one just doesn't see those kind of techniques being studied.

Functionality wise: It's clear that the Nian Dao wasn't a step back in saber design but in fact a lateral.

Anyways just some thoughts... all the best & keep up the cool, intresting exploration/studies.. look forward to your next post.
Last edited by Ba-men on Sun Jun 03, 2018 10:42 am, edited 2 times in total.
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Re: Edge Alignment in Swordsmanship..

Postby MaartenSFS on Sun Jun 03, 2018 4:37 pm

Ja, every time my Master and I started to work on a form it just wasn't realistic enough for me because a real person probably would have died and because in fencing we often move in and out and break up the rhythm, which doesn't look as nice. When we fence and it looks good it is because both people are reacting using the fencing instincts that they have developed. When there is a long exchange and it gets wilder the longer it goes on it is really a thing of beauty. :D

I agree with you that edge alignment is a bonus, though I feel like it comes naturally after proper training - even if it isn't perfect every time. Like you say, if a strike cannot be delivered to its target, it doesn't matter how perfectly the edge was aligned or not. I absolutely concur that edge-on-edge contact is unavoidable. That's also why I prefer the Dao over the Jian - they are more durable. I suspect that that is a major reason why they were adopted by most soldiers.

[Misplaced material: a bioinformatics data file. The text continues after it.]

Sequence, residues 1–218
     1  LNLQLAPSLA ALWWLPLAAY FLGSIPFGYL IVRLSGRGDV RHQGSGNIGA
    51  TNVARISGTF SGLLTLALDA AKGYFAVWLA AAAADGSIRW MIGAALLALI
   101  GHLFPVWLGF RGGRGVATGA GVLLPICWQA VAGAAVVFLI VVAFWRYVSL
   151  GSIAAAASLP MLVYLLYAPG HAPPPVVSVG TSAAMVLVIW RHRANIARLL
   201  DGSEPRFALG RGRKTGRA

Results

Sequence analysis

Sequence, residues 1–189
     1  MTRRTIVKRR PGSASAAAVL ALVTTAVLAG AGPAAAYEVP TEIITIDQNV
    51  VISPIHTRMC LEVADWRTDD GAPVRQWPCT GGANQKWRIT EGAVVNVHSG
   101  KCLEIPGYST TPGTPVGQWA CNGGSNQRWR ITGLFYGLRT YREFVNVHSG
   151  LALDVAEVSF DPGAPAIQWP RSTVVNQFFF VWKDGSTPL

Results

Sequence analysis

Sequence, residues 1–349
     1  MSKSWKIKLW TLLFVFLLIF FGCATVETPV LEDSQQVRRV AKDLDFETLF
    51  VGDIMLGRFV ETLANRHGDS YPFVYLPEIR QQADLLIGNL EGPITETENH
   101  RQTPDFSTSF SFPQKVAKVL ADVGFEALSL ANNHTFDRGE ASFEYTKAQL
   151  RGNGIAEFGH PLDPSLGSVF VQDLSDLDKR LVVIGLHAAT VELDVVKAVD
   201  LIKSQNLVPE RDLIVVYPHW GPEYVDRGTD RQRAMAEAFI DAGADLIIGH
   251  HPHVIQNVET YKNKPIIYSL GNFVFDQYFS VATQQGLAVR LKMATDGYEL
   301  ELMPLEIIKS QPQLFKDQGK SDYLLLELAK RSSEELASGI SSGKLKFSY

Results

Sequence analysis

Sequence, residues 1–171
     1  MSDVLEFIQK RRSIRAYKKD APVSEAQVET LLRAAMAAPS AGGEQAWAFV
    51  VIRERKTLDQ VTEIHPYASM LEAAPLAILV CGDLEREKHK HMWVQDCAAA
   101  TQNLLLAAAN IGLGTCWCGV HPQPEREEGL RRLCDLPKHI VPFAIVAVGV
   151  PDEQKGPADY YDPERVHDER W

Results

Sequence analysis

I think that the weapon that you are referring to is the Niuweidao. It's a good chopping blade for sure, but I wouldn't take a thrust from it either! I prefer something a bit longer, though, but not too heavy, that can be used both one and two-handed, but then I'm a bit picky.. :P

I believe that test cutting is a good way to get to know your weapon's properties and this should affect the way that you fence, if people care about realism. We use a lot of the close quarters techniques you are eluding to, mostly from the bind. My Master doesn't approve of wrestling and striking when you and/or your opponent have a sword in hand. There are many other ways to use a sword that are not featured in films. 8)

European swords didn't take a step back either. They evolved with the times and were later mass-produced, like their Chinese counterparts. Certain properties of these swords took a hit in quality, but overall it was a lateral step. The European military sabres and Chinese Dao were similar in many ways. We seem to have all arrived at similar conclusions. It's quite interesting.

Thanks for the interesting reply. I'm sorry that I'm not able to respond so well, as I'm having a busy day.. May I ask what kind of weapons system you have studied?